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Colorado Resident Has Been Picking Up Trash For 20 Years

DURANGO, Colo. (AP) - When Janet Reichl was a little girl, her father used to say it's just as easy to pick something up as it is to walk over it. As a Girl Scout, she was taught to leave her campsite cleaner than when she found it. And as a young woman, she was saddened when a friend lost her husband after a piece of trash flew through the windshield and hit him in the head.

It's not always easy to explain why people do what they do, but these events help explain why Reichl has picked up trash ever since she retired and moved to Durango 20 years ago.

"I would be very happy if I could go for a walk and not feel compelled to have so much stuff to pick up," she said. "If everybody picked up just a little bit, it would be pretty nice."

Reichl, 67, has "adopted" two sections of road to keep clean near northeast Durango: a 1½-mile stretch of East Animas Road (County Road 250) near north city limits, and a half-mile stretch of East 32nd Street.

But she covers a lot more ground. She also collects trash along the trails leading to Fort Lewis College, several properties around north City Market, up and down the Animas River Trail and pretty much anywhere she happens to go.

"If I pull into a parking area, say the post office or the bank, I'll take an extra minute to clean up that one little space that I park in," she said. "I would love it if people would pick up one piece of trash a day or pick up a few pieces on a walk or adopt a block - just kind of share the load a little bit."

Reichl rarely leaves the house without a plastic bag and her picker-upper stick. She recycles everything she can and throws the rest into city dumpsters or trash bins that businesses have given her permission to use.

She finds certain things in abundance no matter where she goes: cans, plastic bags, scraps of paper, cigarette butts and articles of clothing.

And she finds more specific types of trash based on location:

Receipts, grocery lists, cart wipes and produce bags around north City Market.

Beer cans, bottles, cellophane wrappers and empty marijuana containers along county roads.

And random items such as an old trunk, metal helmet, Darth Vader mask and a "history of Coors cans" near the Lion's Den and along Rim Drive.

"It's just fascinating what you find," Reichl said.

Not everything she finds is garbage. She has found several $20 bills, often near Star Liquors, and a $100 bill near the former recycling drop-off site at the base of Chapman Hill.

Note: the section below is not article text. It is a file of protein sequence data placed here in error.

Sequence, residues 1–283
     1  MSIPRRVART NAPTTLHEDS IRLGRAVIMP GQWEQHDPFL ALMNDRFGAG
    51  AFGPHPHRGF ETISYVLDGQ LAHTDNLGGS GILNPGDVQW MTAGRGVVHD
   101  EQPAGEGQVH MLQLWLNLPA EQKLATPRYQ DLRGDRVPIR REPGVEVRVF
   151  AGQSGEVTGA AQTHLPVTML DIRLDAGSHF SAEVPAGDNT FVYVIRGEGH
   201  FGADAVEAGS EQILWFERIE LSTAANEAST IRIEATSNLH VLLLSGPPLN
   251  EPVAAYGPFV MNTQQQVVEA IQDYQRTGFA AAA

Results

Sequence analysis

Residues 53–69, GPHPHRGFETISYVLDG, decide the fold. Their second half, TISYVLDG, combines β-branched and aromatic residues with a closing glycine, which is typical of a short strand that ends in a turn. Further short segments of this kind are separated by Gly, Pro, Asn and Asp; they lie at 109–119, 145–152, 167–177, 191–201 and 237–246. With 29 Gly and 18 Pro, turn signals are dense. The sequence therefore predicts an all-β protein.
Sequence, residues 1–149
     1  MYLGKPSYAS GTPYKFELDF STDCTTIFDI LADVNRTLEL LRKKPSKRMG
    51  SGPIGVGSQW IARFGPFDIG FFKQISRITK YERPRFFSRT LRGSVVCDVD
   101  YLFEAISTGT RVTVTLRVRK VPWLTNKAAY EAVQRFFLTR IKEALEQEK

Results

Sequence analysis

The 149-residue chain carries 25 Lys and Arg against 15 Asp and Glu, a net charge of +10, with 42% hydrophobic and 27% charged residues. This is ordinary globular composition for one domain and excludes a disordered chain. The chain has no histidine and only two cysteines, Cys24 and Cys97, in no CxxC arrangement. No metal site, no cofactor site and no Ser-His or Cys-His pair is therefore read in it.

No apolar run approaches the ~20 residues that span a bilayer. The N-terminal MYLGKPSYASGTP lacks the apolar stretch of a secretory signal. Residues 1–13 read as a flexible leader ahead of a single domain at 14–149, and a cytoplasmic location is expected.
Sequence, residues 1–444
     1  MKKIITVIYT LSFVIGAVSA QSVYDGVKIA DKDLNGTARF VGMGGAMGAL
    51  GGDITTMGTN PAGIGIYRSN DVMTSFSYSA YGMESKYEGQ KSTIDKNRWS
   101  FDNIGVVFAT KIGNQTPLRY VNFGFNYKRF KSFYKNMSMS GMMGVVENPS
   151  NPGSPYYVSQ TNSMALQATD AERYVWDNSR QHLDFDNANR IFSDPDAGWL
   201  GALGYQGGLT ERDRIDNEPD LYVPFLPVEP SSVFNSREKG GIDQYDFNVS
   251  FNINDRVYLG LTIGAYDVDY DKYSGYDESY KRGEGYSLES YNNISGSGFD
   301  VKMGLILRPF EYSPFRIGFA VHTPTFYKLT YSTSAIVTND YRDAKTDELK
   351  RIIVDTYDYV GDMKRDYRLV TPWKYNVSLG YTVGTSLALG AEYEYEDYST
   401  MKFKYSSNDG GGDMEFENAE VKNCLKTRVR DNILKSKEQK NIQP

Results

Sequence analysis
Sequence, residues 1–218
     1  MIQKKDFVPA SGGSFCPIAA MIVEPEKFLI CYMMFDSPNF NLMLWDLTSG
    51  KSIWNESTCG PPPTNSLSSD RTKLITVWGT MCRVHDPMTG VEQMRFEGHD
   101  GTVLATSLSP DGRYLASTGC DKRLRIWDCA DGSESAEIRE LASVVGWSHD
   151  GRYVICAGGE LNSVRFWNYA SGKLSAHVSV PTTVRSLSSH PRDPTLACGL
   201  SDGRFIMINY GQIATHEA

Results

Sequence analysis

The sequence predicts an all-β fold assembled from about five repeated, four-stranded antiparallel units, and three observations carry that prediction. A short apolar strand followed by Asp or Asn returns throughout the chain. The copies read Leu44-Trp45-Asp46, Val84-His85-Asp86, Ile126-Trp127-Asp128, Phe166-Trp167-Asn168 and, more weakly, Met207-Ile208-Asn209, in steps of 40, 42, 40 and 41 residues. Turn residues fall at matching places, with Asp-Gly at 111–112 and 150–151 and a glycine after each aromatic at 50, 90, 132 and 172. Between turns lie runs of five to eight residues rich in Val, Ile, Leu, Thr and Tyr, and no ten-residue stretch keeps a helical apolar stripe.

She keeps the money, figuring it's impossible to find the owner, and it's easily justifiable to pay for supplies such as plastic bags and her picker-upper sticks.

She finds a lot of unmatched gloves, and, for some reason, keeps them.

"I don't why I save them," she said. "Every once in a while I find something I can match up and use."

She occasionally finds items of value that seem like they were lost, in which case she'll place an ad the Herald's lost-and-found section of the Classifieds.

Reichl moved to Durango from Wisconsin, which she remembers as being fairly clean. She was taken aback by how much trash was blowing around and tossed on the sides of roads in La Plata County.

She started picking up trash near her home just north of city limits. At first it felt a little embarrassing, like people might think she was on probation, she said. But the embarrassment faded, it proved to be good exercise, and a lot of people thanked her.

She does it an average of three days a week - more in the summer than the winter when there's snow on the ground.

"It just makes me feel good to see it cleaned up," Reichl said.

A few people have joined her, but they tend to lose interest. Some people seem grossed out by the idea of picking up trash, even though it's been blasted by ultraviolet rays, she said.

"A lot of people just seem to have a great fear that they're going to get some kind of disease from picking something up," she said. "That surprises me."

More than anything, residents like to thank her for what she's doing.

"I come back to tell my husband, 'This was a five-thank-you day,' or 'This was a one-thank-you day,'" she said. "Rarely do I say, 'This was a no thank-you day.' It keeps me going, because I know people appreciate it."

- By SHANE BENJAMIN, The Durango Herald

(© Copyright 2017 The Associated Press. All Rights Reserved. This material may not be published, broadcast, rewritten or redistributed.)

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